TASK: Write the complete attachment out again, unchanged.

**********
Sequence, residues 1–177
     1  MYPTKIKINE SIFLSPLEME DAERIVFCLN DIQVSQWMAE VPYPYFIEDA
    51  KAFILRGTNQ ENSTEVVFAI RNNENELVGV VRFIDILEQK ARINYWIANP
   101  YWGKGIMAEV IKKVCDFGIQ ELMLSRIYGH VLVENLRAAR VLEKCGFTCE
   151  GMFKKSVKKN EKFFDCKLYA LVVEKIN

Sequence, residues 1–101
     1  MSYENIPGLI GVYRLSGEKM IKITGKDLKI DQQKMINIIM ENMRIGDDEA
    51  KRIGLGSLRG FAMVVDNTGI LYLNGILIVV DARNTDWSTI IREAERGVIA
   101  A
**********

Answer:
Sequence, residues 1–177
     1  MYPTKIKINE SIFLSPLEME DAERIVFCLN DIQVSQWMAE VPYPYFIEDA
    51  KAFILRGTNQ ENSTEVVFAI RNNENELVGV VRFIDILEQK ARINYWIANP
   101  YWGKGIMAEV IKKVCDFGIQ ELMLSRIYGH VLVENLRAAR VLEKCGFTCE
   151  GMFKKSVKKN EKFFDCKLYA LVVEKIN

Sequence, residues 1–101
     1  MSYENIPGLI GVYRLSGEKM IKITGKDLKI DQQKMINIIM ENMRIGDDEA
    51  KRIGLGSLRG FAMVVDNTGI LYLNGILIVV DARNTDWSTI IREAERGVIA
   101  A